This talk will be aimed at an audience unfamiliar with the literature on privacy preservation (as I was a few weeks ago). The goal of the talk will be to first illustrate that whether or not the output of some interaction with real data is privacy preserving is not as simple of a concept as it may first seem, motivating the need for a precise definition of privacy preservation. Then I will give one possible definition, that of differential privacy, invented in 2006, for which the authors were awarded the Gödel Prize in 2017. I will give some examples of database queries that are differentially private, and others that are not, to instill an intuition for what it means for a random algorithm to be “differentially private”. I will also note some key properties of differential privacy. Lastly, I will describe how the authors of the DPGAN paper prove that their generative adversarial network is differentially private.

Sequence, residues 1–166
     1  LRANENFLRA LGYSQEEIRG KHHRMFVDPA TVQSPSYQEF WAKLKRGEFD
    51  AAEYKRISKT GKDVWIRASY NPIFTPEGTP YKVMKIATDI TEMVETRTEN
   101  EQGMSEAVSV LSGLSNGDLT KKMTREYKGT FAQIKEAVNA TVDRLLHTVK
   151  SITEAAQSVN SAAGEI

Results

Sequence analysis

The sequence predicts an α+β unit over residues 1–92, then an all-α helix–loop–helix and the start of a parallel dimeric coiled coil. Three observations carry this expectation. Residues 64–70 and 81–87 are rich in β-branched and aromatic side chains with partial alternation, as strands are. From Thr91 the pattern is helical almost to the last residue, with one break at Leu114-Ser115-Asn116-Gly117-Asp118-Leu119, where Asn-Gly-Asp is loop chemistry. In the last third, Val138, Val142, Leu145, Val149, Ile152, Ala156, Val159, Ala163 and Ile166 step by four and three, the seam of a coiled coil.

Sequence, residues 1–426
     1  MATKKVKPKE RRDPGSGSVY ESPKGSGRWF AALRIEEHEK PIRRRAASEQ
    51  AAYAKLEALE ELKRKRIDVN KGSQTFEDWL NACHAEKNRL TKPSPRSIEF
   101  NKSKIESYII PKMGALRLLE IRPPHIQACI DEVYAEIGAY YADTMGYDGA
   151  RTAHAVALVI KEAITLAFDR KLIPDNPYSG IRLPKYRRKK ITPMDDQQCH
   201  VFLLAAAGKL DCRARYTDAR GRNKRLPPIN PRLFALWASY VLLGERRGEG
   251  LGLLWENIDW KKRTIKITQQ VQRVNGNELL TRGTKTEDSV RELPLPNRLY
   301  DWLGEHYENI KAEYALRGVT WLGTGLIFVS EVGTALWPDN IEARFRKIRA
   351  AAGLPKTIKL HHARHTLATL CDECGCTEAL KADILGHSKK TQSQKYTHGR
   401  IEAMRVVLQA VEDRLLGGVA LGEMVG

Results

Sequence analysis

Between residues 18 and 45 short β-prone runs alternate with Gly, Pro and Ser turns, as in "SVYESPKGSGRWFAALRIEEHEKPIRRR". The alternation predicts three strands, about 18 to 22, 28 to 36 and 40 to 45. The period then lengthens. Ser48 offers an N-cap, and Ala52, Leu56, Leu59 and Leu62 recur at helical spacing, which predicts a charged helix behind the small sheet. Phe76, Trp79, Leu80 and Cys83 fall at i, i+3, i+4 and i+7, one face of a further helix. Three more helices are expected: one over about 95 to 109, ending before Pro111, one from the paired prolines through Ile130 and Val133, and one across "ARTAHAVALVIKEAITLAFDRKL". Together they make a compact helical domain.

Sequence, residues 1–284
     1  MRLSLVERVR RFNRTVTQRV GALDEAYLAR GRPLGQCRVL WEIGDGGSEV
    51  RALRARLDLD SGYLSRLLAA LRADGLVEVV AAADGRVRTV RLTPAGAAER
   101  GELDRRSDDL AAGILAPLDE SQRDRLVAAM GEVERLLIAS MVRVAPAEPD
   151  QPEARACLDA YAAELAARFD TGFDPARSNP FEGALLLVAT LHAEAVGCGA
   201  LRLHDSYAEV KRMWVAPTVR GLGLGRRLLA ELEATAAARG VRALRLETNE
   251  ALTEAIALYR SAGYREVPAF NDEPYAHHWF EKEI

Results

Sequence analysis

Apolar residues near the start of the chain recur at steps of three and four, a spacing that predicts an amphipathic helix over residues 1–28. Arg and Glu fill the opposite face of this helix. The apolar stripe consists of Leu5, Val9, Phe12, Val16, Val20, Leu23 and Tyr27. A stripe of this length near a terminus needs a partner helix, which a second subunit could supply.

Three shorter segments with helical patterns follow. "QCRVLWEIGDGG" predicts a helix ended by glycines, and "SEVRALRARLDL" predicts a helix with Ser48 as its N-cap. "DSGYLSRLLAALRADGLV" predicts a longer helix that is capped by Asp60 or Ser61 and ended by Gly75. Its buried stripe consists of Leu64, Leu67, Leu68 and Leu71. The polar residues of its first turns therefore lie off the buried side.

Joe Pedersen is from Pittsburgh, PA. He earned a B.S. in mathematics from Penn State in 2006, after which he was commissioned into the U.S. Army as an Infantry officer. After being selected by the U.S. Army to attend graduate school, he earned master’s degrees in math and physics from RPI in 2013, followed by a three-year teaching position in the Department of Mathematical Sciences at the United States Military Academy. From 2016 to 2019, he served as an operations research analyst at Fort Benning, GA. He is in his first year of a PhD program in the Department of Industrial and Systems Engineering at RPI, after which he will return to the United States Military Academy as an assistant professor in the Department of Systems Engineering. He is focusing his studies in the areas of machine learning and data analytics.